Mods: As I mentioned above, I altered the number of lace body chart repeats and worked only part of the edging chart. I used a p2tog bindoff, with larger needles, on the wrong side of the work:
p1, *p1, slip 2 sts back to left needle, p2tog* to end.

I took some photos of the shawl pre-blocking, all bumpy and crumpled:

and post-blocking, all smooth and flat:

I love the transformation in texture that comes from stretching a knit to within an inch of its life. I wet-blocked this shawl, as I do most pieces–soaked it in the sink in Eucalan, squeezed it out, then pinned it down on the floor on an old towel.

The sun came out this weekend, thankfully, though the weather was still a little chilly and blustery. Look at the way the wind blew the points of the shawl up, casting all these pleasing shadow-lace patterns on my dress:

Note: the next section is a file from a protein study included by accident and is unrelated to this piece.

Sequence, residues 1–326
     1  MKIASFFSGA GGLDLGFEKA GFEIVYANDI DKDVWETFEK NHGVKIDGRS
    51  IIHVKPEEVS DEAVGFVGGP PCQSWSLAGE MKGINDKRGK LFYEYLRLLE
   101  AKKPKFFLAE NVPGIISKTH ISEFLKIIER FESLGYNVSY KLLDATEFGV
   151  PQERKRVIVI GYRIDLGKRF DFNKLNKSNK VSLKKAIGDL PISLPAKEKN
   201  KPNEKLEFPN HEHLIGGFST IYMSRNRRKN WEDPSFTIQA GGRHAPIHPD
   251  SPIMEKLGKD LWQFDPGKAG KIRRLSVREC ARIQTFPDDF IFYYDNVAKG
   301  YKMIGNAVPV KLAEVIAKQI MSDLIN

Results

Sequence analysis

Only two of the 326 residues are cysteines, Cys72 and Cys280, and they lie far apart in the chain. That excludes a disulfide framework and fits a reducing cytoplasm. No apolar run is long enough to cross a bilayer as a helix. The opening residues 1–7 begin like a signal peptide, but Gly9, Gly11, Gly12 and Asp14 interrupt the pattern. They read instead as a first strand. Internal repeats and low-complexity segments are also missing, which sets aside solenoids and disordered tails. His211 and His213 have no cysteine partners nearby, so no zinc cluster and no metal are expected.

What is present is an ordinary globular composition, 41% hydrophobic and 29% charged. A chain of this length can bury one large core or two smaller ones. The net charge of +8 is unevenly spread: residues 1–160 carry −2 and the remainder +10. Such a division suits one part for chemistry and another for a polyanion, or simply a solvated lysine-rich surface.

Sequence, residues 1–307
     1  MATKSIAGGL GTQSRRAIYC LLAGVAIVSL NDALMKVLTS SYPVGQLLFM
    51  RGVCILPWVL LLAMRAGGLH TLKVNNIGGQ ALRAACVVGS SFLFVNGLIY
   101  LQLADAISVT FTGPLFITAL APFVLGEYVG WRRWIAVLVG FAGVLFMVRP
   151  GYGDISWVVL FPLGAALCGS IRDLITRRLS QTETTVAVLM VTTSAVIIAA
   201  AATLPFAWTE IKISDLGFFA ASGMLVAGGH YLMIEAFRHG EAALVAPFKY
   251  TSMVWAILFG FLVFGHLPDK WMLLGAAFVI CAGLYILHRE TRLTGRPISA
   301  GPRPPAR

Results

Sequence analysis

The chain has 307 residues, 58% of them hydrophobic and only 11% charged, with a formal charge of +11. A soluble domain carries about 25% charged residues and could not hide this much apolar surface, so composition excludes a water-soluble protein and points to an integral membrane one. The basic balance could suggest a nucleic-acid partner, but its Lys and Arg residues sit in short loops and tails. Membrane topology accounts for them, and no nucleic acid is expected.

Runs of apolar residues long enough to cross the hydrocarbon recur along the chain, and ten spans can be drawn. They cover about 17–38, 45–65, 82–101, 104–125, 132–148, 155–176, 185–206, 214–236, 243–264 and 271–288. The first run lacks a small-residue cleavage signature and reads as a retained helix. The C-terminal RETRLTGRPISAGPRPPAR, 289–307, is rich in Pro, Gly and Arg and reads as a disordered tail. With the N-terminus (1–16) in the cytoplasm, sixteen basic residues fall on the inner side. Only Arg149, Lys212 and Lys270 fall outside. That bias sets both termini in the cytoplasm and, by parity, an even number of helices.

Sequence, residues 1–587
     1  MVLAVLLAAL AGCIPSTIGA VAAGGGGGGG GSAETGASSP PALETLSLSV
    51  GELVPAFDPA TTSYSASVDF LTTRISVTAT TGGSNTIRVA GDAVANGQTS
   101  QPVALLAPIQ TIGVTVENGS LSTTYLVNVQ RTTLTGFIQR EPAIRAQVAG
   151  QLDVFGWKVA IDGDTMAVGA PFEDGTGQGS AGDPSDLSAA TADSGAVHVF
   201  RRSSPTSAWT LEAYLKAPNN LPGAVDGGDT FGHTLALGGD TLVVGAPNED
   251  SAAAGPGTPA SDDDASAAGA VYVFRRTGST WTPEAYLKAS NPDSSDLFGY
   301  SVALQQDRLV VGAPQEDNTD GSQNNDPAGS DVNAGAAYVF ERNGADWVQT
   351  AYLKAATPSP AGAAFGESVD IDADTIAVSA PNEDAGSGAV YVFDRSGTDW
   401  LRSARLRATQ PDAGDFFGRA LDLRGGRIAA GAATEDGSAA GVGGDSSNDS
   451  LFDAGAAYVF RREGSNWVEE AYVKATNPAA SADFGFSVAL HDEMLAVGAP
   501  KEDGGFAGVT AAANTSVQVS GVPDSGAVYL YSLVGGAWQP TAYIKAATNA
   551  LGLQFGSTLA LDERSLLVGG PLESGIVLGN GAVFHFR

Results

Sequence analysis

I have to say this colorway still doesn’t say “October” to me, but I have trouble pinning down what seasonal references it makes me think of instead. I’d say spring off the top of my head, because of the pastel tones, but the real-life referents for me would be dahlias, peaches, apricots–late summer?

And actually, have any of you read the Darkangel trilogy by Meredith Ann Pierce? It’s a bizarre and wonderful YA trilogy, with a definite feel of medieval fantasy but in fact set on the moon in the distant future. I keep thinking of the apricok, a heart-shaped fruit the protagonist, Aeriel, eats in the second book, A Gathering of Gargoyles. Thanks to Amazon’s Search Inside feature, I can quote the description for you here:

It was only half the size of her doubled fist, and made in lobes so that it looked almost heart-shaped. Rose gold in color, very dark, it shone like amber in the morning light.

The fruit was warm to her touch; Solstar had baked it. Its smooth skin was covered with fine hairs, like bees’ fur. It came away easily from the stem when she pulled on it. The crystal leaves tinkled. The gnarled branches swayed. Its aroma was like honey browned in cinnamon.

Aeriel felt weak. She brushed the fuzz; it fell away like reddish dust. Beneath, the skin was gold. She bit into the fruit. Its nectar was warm and sweet, the flesh tender and tasting of spice.